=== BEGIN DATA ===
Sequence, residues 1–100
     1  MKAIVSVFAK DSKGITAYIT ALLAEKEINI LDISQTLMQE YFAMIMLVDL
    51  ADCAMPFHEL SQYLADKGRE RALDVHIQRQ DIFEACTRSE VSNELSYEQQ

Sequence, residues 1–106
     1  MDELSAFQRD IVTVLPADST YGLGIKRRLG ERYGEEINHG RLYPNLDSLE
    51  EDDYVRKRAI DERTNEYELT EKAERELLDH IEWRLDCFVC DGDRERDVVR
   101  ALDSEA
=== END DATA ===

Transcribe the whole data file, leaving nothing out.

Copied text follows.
Sequence, residues 1–100
     1  MKAIVSVFAK DSKGITAYIT ALLAEKEINI LDISQTLMQE YFAMIMLVDL
    51  ADCAMPFHEL SQYLADKGRE RALDVHIQRQ DIFEACTRSE VSNELSYEQQ

Sequence, residues 1–106
     1  MDELSAFQRD IVTVLPADST YGLGIKRRLG ERYGEEINHG RLYPNLDSLE
    51  EDDYVRKRAI DERTNEYELT EKAERELLDH IEWRLDCFVC DGDRERDVVR
   101  ALDSEA